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Alabama's Calvin Ridley leads top CFB WRs to watch in 2016

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The 2016 draft was considered good, but not great at wide receiver -- and I'm not sure that 2017 won't offer more of the same. Calvin Ridley won't be draft-eligible next year, but the Alabama sophomore is the most talented receiver in the nation.

This is not a list previewing the 2017 NFL Draft, but a look at wide receivers who are generating interest from NFL scouts and/or are expected to post big seasons for their teams. Here are 10 to watch in 2016:

First Look:
NFL Media analyst and former NFL scout Daniel Jeremiah takes a "first look" at college football's top players for 2016.

1. Calvin Ridley, Alabama

Alabama has another Amari Cooper, but I think version 2.0 might be faster. If you only data mine to find out about Ridley's abilities, you will come up short of the true picture. Hitch passes and jet-sweep receptions created lower yards-at-catch and explosive-reception (25 yards or more) totals than he's capable of producing. Turn the tape on and you will see a human torch striding past any and every cornerback he faced. However, former quarterback Jake Coker was unable to make consistent connections with the open, deep target. Ridley could use more muscle on his frame to help with securing more contested catches as a sophomore. With exceptional play speed, elite separation ability and advanced instincts as a receiver, he simply needs someone to get him the ball.

2. Mike Williams, Clemson

Some might have forgotten about Williams, who suffered a neck injury that ended his season in Week 1 last year. I can promise you that defensive coordinators haven't forgotten about him. Williams possesses an outstanding combination of size and speed. He can be a a big-time playmaker when the 50-50 ball comes his way. Williams will get plenty of vertical looks from QB Deshaun Watson and, although there is plenty of talent vying for touches in Clemson's offense, Williams is simply too gifted to not become a major factor once again for the Tigers.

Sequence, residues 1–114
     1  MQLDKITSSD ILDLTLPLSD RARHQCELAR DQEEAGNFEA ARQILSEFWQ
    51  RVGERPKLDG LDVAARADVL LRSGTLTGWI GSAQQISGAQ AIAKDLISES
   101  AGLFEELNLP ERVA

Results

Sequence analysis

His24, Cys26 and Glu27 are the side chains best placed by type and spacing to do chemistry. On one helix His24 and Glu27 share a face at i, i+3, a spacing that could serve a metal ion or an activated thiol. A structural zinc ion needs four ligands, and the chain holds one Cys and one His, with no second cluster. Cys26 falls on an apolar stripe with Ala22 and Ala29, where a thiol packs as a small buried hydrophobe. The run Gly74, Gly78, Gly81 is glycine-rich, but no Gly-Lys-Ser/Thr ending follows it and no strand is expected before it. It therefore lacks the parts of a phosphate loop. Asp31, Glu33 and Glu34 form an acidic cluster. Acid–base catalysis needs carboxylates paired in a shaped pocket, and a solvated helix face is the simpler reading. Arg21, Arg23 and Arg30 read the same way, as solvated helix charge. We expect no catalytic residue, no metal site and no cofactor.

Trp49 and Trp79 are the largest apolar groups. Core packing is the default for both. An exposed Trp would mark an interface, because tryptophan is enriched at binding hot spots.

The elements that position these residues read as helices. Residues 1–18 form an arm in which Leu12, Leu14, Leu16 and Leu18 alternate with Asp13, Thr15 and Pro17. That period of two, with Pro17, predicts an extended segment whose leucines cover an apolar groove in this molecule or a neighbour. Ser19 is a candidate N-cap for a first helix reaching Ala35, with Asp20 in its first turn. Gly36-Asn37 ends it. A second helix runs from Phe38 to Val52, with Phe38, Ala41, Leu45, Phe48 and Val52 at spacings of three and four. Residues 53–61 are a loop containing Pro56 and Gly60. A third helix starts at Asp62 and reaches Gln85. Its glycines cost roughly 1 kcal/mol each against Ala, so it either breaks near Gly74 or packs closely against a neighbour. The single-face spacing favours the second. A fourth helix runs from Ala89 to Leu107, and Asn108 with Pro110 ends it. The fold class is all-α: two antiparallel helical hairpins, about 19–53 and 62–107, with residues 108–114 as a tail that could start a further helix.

3. Jehu Chesson, Michigan

Some receivers just carry themselves like a natural-born WR1 and Chesson is one of those guys. There is a level of confidence and toughness that comes through when you watch him play, and he is as fearless a wide receiver when working in traffic as any you will find, taking shot after shot while securing the catch. Stat scouts won't fall in love with Chesson based on his production last season (50 catches for 764 yards and 9 TDs), but NFL scouts love his ability to adjust to throws and work all three levels of the field. He won't have many "Wow!" highlights that have you jumping out of your seat, but his size, toughness and consistency put him near the top of this list.

4. JuJu Smith-Schuster, USC

In a disappointing 2015 season for the Trojans, Smith-Schuster was one of the few players to truly shine and make his mark. He's not only a big receiver, but he can be extremely rugged after the catch. I would like to see more physicality within his routes to help back cornerbacks off and create additional separation. When Smith-Schuster works down the field, he's as good as anyone in the game at searching, finding and following the deep throw into his hands. Losing QB Cody Kessler to the NFL could have an impact on Smith-Schuster's production, but scouts are still excited to see him operate.

5. Corey Davis, Western Michigan

Davis is the active leader in the FBS with 3,785 career receiving yards. He's just 403 yards shy of becoming the MAC's all-time leader in receiving yards. Production is not an issue for this Bronco. Davis' alpha demeanor on the field has helped him handle the heavy workload and offensive burden for Western Michigan. Davis is a QB's friend, working hard back to the throw, and he has learned to free himself from press coverage with his aggressive hands. Davis does lack some suddenness in his routes and can improve his overall route running.

6. Taywan Taylor, Western Kentucky